there's waiting to be tested in all kinds of ways, none of which are fun and most of which are either invasive, humiliating, painful and rich in side effects. maybe even all of the above.

once tested, you then wait for the test results to come back, usually matter of days or weeks. you wait for phone calls about appointments that are really more like educated guesses about when you should show up somewhere else and wait for someone to see you.

there's waiting on hold, and waiting for rides, waiting around drugstores for prescriptions to be filled and then waiting for the drugs to take effect. there's waiting for treatments to start and waiting for them to work, while you're waiting for the side effects to fade.

most of this is "institutionalized waiting". it's just the way it is, and in the current political climate, the only change one should reasonably expect
is probably waiting longer.

which is where the adjective - being patient - comes in. it is another kind of waiting. waiting on another level. waiting to feel better.

waiting to be some kind of normal again - not helpless, dependent or weak or a freak. not to be sick all the time or in pain.
waiting for it all to go away.
waiting for it to be over.

waiting for a miracle.


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Police & Thieves demotivators

...remembering those crazy summer days
in Toronto at the G20,
and other good times
over the years around the world...

if you have "authority issues",

demotivational posters funny

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I Read the News Today

In Canada, the Conservative government
continues to stand firmly
on it's lack of principles...

In the United States, the same old
remained the same.

...including Ms Palin...

and in other international news...

while in entertainment today...

while personally...

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11 Excellent Drug Demotivators

so many drugs, so little time

We live in a highly medicated society.
These are some of the more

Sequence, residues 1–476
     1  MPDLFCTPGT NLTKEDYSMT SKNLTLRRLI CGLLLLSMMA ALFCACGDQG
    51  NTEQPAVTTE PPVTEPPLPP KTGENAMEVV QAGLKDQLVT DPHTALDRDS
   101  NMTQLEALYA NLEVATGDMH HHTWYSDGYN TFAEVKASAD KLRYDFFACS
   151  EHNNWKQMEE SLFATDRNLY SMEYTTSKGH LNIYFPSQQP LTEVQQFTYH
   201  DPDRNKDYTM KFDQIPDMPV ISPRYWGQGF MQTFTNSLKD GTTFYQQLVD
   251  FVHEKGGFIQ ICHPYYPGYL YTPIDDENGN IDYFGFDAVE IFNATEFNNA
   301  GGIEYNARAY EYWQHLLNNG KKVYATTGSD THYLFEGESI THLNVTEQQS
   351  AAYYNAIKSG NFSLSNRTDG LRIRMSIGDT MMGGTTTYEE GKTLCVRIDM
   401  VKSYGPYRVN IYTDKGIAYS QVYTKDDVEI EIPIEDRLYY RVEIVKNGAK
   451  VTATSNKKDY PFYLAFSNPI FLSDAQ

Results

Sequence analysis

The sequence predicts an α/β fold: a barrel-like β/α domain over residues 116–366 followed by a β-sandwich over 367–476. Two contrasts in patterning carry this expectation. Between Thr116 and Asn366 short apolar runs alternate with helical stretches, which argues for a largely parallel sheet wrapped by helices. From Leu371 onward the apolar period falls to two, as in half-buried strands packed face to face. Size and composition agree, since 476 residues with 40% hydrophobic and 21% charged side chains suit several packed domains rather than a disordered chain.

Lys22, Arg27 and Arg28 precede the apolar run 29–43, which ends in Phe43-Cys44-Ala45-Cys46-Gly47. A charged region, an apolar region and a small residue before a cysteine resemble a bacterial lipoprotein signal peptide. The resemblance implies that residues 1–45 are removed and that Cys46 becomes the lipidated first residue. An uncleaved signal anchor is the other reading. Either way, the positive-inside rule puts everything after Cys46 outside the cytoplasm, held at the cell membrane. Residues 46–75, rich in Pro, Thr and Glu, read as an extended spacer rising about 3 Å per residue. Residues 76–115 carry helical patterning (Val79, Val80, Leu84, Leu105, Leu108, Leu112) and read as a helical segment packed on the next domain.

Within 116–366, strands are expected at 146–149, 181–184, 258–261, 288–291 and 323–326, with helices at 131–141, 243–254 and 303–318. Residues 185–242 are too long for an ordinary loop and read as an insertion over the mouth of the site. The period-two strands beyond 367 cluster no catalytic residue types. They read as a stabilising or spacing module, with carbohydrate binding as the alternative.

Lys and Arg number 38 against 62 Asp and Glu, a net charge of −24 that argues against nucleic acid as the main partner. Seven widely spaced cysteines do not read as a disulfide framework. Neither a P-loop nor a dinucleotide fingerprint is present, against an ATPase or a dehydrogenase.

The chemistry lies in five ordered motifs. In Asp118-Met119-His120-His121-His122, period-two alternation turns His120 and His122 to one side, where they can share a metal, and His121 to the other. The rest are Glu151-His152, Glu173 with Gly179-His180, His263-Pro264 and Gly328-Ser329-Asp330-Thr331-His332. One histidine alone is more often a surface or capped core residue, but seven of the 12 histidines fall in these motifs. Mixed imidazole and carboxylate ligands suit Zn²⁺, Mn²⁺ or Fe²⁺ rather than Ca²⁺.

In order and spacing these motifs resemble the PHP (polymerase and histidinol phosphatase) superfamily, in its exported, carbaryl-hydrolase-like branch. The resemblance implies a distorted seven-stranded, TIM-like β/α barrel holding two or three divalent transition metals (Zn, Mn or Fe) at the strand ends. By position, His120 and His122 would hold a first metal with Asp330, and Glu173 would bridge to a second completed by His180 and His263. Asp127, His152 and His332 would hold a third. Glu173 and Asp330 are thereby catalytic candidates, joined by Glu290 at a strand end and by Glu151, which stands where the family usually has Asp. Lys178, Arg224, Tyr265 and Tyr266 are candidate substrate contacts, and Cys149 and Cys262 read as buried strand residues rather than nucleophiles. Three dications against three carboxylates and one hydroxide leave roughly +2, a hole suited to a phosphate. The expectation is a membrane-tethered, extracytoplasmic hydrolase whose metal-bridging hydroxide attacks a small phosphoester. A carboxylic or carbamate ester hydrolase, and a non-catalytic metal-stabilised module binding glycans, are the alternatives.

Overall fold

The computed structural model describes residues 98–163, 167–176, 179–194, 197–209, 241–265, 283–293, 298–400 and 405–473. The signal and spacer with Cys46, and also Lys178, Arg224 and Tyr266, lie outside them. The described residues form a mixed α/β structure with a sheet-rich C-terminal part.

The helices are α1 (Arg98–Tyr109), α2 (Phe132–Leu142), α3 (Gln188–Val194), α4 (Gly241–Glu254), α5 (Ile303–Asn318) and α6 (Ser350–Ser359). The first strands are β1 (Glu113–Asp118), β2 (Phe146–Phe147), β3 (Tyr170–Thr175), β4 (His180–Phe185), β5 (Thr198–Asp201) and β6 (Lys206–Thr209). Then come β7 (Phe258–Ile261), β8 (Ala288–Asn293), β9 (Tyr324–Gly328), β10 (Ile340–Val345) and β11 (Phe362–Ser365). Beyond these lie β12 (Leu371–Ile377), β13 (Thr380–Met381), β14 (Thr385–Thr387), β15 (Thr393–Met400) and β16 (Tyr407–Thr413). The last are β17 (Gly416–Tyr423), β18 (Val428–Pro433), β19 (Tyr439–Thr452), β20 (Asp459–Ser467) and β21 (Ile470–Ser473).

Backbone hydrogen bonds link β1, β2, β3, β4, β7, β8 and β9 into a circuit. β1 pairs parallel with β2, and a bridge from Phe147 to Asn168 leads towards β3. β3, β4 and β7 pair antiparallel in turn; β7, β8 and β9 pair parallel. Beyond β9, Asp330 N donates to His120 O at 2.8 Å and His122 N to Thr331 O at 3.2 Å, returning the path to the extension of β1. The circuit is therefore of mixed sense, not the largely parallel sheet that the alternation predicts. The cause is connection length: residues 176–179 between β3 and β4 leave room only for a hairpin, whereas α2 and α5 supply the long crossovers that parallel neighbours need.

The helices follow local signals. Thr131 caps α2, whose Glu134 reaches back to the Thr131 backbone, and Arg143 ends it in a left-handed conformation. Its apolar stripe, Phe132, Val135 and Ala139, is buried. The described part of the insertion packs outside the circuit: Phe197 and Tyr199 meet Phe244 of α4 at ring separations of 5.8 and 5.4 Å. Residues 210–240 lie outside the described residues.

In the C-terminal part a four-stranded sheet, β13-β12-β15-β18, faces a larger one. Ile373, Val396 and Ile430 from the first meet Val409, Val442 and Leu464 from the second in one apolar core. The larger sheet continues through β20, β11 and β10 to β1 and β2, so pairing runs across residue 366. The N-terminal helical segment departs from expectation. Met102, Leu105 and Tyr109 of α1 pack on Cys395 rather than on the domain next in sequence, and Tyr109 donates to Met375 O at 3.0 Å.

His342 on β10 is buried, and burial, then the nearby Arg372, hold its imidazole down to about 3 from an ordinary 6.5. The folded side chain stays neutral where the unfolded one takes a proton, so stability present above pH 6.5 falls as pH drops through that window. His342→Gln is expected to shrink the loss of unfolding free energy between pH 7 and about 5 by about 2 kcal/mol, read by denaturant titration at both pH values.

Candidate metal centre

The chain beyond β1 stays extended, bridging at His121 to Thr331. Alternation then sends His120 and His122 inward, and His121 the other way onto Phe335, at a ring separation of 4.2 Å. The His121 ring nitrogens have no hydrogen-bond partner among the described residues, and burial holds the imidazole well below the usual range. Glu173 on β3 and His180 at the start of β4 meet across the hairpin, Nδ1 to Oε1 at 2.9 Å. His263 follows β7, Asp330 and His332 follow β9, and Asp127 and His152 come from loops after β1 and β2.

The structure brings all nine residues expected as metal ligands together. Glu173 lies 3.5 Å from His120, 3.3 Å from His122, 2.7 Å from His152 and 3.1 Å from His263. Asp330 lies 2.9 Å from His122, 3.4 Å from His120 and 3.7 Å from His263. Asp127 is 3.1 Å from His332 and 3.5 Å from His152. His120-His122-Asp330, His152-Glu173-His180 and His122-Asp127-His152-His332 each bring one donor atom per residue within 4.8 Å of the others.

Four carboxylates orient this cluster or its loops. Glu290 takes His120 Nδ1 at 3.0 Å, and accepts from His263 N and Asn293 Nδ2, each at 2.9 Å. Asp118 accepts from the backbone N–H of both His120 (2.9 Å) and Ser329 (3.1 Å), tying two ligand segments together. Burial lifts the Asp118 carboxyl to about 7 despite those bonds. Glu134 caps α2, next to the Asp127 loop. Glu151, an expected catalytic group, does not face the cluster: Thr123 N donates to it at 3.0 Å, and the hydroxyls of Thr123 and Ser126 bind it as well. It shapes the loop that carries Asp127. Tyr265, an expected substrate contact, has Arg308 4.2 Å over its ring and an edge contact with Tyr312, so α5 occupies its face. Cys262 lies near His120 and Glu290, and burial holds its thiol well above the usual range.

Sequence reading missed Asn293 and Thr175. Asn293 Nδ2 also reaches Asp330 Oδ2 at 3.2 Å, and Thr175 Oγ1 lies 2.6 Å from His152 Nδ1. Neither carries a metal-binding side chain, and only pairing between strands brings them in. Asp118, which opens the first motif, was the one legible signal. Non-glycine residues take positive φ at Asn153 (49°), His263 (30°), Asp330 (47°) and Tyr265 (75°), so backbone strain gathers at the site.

common drugs around us.
Most of them are illegal,
of course...

if you think drugs are funny,

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10 Star Wars Demotivators

Star Wars Demotivators...
kind of a natural if we're talking geeks
and memes and such...

there's probably billions of them out there,
but these are the best i've seen.

looking for more demotivators?


demotivational posters funny

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Xenophobia Month in Quebec 3 - le Finale

...so how could it get any better in la belle province? how do you come up with an exciting finish to a month of such an incredibly stupid series of events and decisions?

... there was one more variation on the theme of nationalism yet to come - one that would make it loud and clear just how provincial the party apparatchiks of the "nation" of Quebec really are...

fittingly, the grand finale of Xenophobia Month would be a cultural event.


This is a picture of a music group called Arcade Fire and this is the opening of the Wikipedia entry on them:

> Arcade Fire is an indie rock band based in Montreal, Quebec. It consists of the husband and wife duo of Win ButlerRégine Chassagne, along with Will Butler, Richard Reed Parry, Tim Kingsbury, Jeremy Gara, and Sarah Neufeld. Arcade Fire came to prominence when they released their debut album Funeral in 2004 to critical acclaim. The band plays guitar, drums, bass guitar, piano, violin, viola, cello, double bass, xylophone, glockenspiel, keyboard, French horn, accordion, harp, mandolin, and hurdy-gurdy. Most of their instruments are taken on tour, and the multi-instrumentalist band members switch duties throughout shows.<